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i posted this on Chat (???) without realising there was already a Thread!! My problem seems to be getting an even stitch length. I am managing the principle of "not turning the fabric" and can move side to side/up and down - can even make circles but just can't seem to get even stitch length. Any tips?

I'm off to watch the Youtube and suggested websites to see if I can get any more help - I have been trying to work form a Harriet Hargreaves book on Machine Quilting but not enough tips, I am finding.

Winnie xx

Winnie the B.O.L.B11/02/2016 13:44:14
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This is a copy of my original post on UFO Zapping!!!

I am "determined"(???) to try to master this. I am fine/OK with ordinary "outline" quilting with either my walking foot or my clear plastic open toed one although I find large quilts very difficult with my ordinary machine. I tend to "cheat" a bit with those and include some QAYG sized blocks in my designs!!! Stitching in the Ditch isn't all that easy either - it sounds as if it should be BUT!!!

If I had both the room and the finance, I would invest in a long arm quilter - unfortunately, I have neither!!

Maybe my stitch length control just needs lots more practise!!

Does anyone know if there are any workshops on FMQ at the FOQ?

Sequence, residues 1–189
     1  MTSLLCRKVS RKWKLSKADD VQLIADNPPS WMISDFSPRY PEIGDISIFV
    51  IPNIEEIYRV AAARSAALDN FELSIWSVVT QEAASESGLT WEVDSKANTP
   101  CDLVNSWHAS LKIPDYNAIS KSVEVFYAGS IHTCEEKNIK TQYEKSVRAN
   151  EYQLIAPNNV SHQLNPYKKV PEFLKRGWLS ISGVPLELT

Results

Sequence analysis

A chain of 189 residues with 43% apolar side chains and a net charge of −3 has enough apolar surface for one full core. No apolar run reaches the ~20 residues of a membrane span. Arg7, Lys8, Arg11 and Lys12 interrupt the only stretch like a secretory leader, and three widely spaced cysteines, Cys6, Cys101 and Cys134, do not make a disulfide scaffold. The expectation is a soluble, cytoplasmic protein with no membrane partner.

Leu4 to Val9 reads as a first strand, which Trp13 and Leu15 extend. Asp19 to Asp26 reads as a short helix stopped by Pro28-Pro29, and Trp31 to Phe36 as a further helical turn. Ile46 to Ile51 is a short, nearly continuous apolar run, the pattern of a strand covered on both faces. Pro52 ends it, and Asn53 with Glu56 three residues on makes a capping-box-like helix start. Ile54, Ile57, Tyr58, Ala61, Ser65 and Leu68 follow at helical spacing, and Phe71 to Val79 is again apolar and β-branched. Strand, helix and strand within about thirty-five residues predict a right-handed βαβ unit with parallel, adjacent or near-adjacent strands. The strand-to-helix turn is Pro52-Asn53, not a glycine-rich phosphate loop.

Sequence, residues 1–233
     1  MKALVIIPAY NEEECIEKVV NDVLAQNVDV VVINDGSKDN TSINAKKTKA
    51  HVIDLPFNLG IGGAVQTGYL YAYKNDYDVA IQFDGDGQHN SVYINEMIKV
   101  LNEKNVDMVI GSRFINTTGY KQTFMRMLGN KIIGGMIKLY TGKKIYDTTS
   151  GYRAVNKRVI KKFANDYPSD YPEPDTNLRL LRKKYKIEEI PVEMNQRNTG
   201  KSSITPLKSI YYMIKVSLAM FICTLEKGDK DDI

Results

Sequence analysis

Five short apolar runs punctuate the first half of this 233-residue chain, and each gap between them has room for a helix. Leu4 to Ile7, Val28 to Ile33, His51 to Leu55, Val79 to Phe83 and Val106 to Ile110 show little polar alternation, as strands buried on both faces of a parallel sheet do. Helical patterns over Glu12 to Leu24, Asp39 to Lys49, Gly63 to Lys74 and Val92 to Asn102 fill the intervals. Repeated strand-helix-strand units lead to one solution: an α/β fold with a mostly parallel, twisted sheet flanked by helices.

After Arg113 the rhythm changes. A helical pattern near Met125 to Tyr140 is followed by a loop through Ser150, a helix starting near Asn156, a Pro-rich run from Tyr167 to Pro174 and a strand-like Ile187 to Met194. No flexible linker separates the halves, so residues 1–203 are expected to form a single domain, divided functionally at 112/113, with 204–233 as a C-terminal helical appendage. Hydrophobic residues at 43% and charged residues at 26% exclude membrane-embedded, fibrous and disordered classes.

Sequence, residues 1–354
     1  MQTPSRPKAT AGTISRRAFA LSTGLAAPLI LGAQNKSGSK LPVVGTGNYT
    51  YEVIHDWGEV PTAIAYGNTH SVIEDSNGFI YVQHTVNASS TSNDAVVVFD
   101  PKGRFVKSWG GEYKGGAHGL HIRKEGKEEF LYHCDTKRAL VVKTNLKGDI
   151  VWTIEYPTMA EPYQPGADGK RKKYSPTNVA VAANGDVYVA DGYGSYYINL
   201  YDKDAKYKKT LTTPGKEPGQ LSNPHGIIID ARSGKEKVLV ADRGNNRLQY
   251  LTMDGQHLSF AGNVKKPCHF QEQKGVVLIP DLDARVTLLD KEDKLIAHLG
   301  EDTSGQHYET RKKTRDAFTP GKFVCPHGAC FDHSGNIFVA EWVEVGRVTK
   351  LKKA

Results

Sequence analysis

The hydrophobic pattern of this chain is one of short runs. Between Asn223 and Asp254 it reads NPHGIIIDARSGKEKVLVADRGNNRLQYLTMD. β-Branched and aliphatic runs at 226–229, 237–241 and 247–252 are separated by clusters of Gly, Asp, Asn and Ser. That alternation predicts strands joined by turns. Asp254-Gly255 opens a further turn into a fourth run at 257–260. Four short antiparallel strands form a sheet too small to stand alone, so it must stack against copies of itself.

Winnie xx

Katy11/02/2016 13:47:52
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I don't think the workshops are published yet, but there certainly will be!

Winnie the B.O.L.B11/02/2016 15:33:51
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Thanks Katy - I'll keep an eye out - do you have to book in advance?

Winnie x

Stereochild11/02/2016 18:29:45
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Thank you Katy for the update - don't you hate it when the computer doesn't compute! grrrr...

Winnie you have reminded me that I still need to get my sewing machine quilted out, so to speak. I don't have the sewing feet I really need for my machine, Maybe that would be what I need to help me sew better. But keep on with the FMQ. I am always amazed at the work you see on the quilts at the FOQ - I try and tell myself that once upon a time they were rubbish too! lol cheeky

 

Edited By Katy on 12/02/2016 09:39:53

Winnie the B.O.L.B11/02/2016 19:10:12